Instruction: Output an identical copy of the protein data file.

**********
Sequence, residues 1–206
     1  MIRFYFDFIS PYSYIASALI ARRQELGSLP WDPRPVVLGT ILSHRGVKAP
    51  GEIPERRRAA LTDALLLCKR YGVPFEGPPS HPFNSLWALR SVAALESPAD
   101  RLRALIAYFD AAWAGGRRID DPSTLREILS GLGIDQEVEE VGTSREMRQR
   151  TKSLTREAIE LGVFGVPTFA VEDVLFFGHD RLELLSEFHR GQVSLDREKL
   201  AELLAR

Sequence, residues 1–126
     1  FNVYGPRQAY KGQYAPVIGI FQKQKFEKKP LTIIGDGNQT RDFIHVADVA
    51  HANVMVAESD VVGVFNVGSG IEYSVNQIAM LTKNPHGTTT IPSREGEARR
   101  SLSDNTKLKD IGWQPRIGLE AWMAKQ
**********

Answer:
Sequence, residues 1–206
     1  MIRFYFDFIS PYSYIASALI ARRQELGSLP WDPRPVVLGT ILSHRGVKAP
    51  GEIPERRRAA LTDALLLCKR YGVPFEGPPS HPFNSLWALR SVAALESPAD
   101  RLRALIAYFD AAWAGGRRID DPSTLREILS GLGIDQEVEE VGTSREMRQR
   151  TKSLTREAIE LGVFGVPTFA VEDVLFFGHD RLELLSEFHR GQVSLDREKL
   201  AELLAR

Sequence, residues 1–126
     1  FNVYGPRQAY KGQYAPVIGI FQKQKFEKKP LTIIGDGNQT RDFIHVADVA
    51  HANVMVAESD VVGVFNVGSG IEYSVNQIAM LTKNPHGTTT IPSREGEARR
   101  SLSDNTKLKD IGWQPRIGLE AWMAKQ